Brands and PRIDE: Key Takeaways to Avoid Rainbow Washing


Increasingly, brands participate in the Pride movement to express support for the LGBTQ+ community, especially in June, Pride Month. However, they often fall into the trap of "Rainbow Washing", a practice involving symbolic use of rainbow colors and support for the LGBTQ+ community only during this month, without sustained commitment throughout the year.

Rainbow Washing can take many forms such as launching Pride products without donating profits to LGBTQ+ organizations, temporarily changing the brand logo to rainbow colors, sponsoring Pride events without inclusive policies, among others. Some real examples include well-known brands like H&M, Chick-fil-A, Uber, and Budweiser.

Avoiding Rainbow Washing demands a genuine and continuous commitment to diversity and inclusion. Brands should support the LGBTQ+ community year-round, make tangible organizational changes, foster non-discrimination, provide financial support to LGBTQ+ organizations, maintain message consistency, and be open to learning and making improvements.

Key Questions before creating a PRIDE campaign

Is the brand aiming to be a spokesperson for LGBTQ+ rights? How will it do so? Only in Pride Month or throughout the year?

Consider the full value chain. Before making a social media post, can we ensure that our suppliers and markets comply with the diversity policies we aspire to communicate?

If we are inclusive internally, can we go further? What impact does our product have in creating a more diverse world? Perhaps the product can serve as a means to educate and create bonds between consumers and social organizations fighting for rights.

Involve the LGBTQ+ community: Include LGBTQ+ voices in your campaign planning and execution. They could be employees, customers, or LGBTQ+ partners. Their experiences and insights are invaluable.

Do we understand the true meaning of pride? Pride is not just a celebration; it's a protest and a reminder of a fight for rights and acceptance. Ensure campaigns reflect this understanding.

Is the campaign itself being created inclusively? The LGBTQ+ community is incredibly diverse. The campaign should respect and celebrate all identities within the community, not just the most visible ones.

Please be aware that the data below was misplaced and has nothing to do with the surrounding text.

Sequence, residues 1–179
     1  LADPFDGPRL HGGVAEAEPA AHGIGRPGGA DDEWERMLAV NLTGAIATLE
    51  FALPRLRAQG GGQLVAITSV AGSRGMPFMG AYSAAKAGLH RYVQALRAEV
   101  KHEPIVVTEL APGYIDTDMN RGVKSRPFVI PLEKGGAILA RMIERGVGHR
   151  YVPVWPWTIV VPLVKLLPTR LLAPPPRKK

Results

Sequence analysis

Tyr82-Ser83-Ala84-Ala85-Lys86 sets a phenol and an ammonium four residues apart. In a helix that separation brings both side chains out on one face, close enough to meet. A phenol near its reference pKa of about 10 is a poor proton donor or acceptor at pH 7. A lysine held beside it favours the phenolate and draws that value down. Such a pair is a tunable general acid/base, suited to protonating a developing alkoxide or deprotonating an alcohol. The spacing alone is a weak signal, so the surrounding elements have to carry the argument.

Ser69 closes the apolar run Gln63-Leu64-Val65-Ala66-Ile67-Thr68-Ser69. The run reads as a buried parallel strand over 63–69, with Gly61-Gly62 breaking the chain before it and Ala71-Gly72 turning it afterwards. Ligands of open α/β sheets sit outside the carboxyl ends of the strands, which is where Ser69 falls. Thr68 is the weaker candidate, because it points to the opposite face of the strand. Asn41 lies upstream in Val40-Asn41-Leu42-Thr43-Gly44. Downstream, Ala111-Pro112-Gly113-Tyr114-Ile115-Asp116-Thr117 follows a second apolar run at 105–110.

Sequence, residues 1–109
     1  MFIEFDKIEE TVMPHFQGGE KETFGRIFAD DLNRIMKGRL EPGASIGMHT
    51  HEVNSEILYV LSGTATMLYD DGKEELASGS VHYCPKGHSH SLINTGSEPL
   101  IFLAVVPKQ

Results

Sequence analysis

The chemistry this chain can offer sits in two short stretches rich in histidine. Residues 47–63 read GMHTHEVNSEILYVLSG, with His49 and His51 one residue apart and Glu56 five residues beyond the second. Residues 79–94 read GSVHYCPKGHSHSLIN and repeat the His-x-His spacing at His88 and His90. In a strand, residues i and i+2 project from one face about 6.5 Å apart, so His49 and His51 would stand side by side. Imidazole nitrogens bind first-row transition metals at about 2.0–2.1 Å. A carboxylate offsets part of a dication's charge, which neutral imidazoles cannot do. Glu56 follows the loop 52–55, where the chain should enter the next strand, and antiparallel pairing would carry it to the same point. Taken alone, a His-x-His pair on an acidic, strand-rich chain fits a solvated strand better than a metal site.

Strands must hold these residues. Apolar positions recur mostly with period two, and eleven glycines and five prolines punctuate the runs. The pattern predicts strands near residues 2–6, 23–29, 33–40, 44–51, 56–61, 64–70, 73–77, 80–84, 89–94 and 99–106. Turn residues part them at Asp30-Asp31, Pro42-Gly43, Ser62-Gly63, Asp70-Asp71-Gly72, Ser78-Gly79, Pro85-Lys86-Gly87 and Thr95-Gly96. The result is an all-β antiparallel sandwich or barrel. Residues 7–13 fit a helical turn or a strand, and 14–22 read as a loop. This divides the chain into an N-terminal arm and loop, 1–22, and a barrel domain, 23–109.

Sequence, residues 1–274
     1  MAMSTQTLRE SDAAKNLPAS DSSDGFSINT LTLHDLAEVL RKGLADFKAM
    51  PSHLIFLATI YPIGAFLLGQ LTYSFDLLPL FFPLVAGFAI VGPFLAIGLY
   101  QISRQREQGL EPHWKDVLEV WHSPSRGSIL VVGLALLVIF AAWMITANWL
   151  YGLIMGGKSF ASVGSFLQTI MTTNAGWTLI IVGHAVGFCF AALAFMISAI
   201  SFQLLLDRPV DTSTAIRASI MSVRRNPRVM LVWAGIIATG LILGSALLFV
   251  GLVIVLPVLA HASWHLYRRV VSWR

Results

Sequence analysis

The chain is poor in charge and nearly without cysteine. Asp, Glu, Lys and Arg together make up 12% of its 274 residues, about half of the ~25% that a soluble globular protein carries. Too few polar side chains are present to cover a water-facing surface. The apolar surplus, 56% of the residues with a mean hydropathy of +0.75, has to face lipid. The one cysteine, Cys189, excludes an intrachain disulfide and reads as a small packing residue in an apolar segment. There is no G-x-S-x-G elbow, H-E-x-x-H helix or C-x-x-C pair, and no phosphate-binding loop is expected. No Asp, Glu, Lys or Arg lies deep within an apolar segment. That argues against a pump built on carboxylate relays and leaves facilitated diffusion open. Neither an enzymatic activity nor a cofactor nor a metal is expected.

The Unilever Case

Unilever, committed to LGBTQ+ diversity and inclusion, implemented a disruptive strategy for the launch of its new product, Magnum Ruby, in Mexico. The company collaborates both internally and with anti-homophobia organizations like It Gets Better, promoting initiatives and ideas for inclusive management.

The goal was to introduce Magnum Ruby, the first ice cream covered in ruby chocolate, highlighting its innovation and establishing an emotional connection with consumers through an inclusive narrative.

After a detailed audience research, the creative team at InPulse Digital developed the concept that can be translated to "The Pleasure of the First Time". This approach combined the experience of trying ruby chocolate for the first time with people's desire to experience more in a post-covid world, challenging stereotypes.

Magnum Ruby was positioned as a catalyst for those willing to enjoy and reveal their true selves to the world for the first time.

The choice of the brand representative was crucial. María León, singer and actress turned activist for women's and LGBTQ+ rights and inclusion, was selected as the brand ambassador, perfectly embodying the right to feel "The Pleasure of the First Time".




Brand participation in PRIDE must be more than just a logo or a social media message. It requires genuine commitment to diversity and inclusion, first within the organization and then externally. Brands need to be aware of their product's impact on people's lives and their responsibility in driving positive societal change.

Share this post

lnkedin share

From the blog

All posts